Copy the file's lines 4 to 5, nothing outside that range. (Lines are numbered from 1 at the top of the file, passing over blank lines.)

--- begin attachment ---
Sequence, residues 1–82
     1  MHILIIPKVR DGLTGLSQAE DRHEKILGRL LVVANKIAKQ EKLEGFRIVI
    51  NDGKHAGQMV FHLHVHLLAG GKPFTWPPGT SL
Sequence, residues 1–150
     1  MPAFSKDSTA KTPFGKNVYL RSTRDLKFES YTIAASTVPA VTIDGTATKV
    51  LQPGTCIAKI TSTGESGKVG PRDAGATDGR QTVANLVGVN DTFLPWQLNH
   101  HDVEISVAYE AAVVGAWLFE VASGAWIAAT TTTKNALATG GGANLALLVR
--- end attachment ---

Sequence, residues 1–150
     1  MPAFSKDSTA KTPFGKNVYL RSTRDLKFES YTIAASTVPA VTIDGTATKV